The hole formed over the Arctic in February and March, then swung across northern Canada, northern Europe and Central Russia to northern Asia, prompting scientists to issue warnings this spring about excess radiation.

Sunday’s report shows just how big and remarkable the hole was and how it moved. It also points to what scientists are calling “ominous” changes in the Arctic stratosphere, about 20 kilometres above the surface, which may be linked to climate change and increasing greenhouse gas emissions.

Tarasick and Walker are among four Canadian co-authors, who had front row seats as the hole formed. They released scientific balloons, known as ozone sondes, which make hundreds of measurements on their way from the ground to 30 kilometres up in the atmosphere.

The measurements helped confirm that chlorine-based pollutants in the stratosphere, 18 to 20 kilometres above the ground, triggered a process that chewed up molecules in the ozone layer that protects Earth from the sun’s harmful ultraviolet light.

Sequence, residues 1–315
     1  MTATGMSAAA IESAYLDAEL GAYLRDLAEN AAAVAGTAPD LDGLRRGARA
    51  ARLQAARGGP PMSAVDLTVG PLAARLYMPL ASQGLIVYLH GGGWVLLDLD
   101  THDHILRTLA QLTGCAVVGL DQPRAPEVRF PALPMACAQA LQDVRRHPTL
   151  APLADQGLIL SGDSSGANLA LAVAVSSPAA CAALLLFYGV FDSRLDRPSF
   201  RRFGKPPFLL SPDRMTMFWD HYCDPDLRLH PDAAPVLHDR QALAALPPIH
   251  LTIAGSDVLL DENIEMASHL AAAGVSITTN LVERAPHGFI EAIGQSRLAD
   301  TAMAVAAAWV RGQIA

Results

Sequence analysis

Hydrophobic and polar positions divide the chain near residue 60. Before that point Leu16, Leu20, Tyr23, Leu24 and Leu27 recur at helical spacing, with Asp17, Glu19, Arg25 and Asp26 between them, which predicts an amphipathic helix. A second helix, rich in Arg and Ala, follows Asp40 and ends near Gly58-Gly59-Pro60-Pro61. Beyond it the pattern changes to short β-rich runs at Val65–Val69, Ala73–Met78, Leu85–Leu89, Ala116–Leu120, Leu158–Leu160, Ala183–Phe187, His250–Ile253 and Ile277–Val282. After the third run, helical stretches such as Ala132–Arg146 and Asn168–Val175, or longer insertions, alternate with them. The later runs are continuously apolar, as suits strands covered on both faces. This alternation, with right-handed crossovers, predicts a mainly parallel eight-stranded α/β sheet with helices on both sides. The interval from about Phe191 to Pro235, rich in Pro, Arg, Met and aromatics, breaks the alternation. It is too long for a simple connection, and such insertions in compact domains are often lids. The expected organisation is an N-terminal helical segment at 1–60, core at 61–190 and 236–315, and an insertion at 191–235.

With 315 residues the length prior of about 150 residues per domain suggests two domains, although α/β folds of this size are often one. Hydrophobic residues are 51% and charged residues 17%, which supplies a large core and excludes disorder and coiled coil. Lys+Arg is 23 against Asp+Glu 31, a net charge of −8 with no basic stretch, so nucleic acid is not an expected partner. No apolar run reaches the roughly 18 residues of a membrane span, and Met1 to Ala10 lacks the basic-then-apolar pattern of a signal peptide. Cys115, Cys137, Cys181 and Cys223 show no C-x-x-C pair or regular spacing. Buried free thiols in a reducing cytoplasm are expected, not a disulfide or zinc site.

Walker says it was “exciting” as a scientist to see the hole form, but sobering to see how humans are altering the atmosphere.

Extreme and prolonged cold in the stratosphere last winter and spring speed up and enhanced the chemical reactions that destroy the ozone, says co-author Michelle Santee, of the Jet propulsion Laboratory at the California Institute for Technology. Her group was monitoring the hole from space using satellites.

The ozone-destroying chlorine compounds have been banned internationally, but they are so “long lived” the scientists expect them to stay in the atmosphere for decades.

Rex says it will likely be about 70 years — “a full generation of humans” — before the chlorine compounds disappear from the atmosphere. Meantime a cooling trend in the stratosphere, which is thought to be tied to increasing greenhouse gases like carbon dioxide, could create more ozone holes.

Rex says the spring’s hole “clearly showed us that we don’t have a good understanding of what the Arctic ozone layer will do during the next several decades.”

The scientists say the destruction this spring “attained, for the first time, a level clearly identifiable as an Arctic ozone hole.”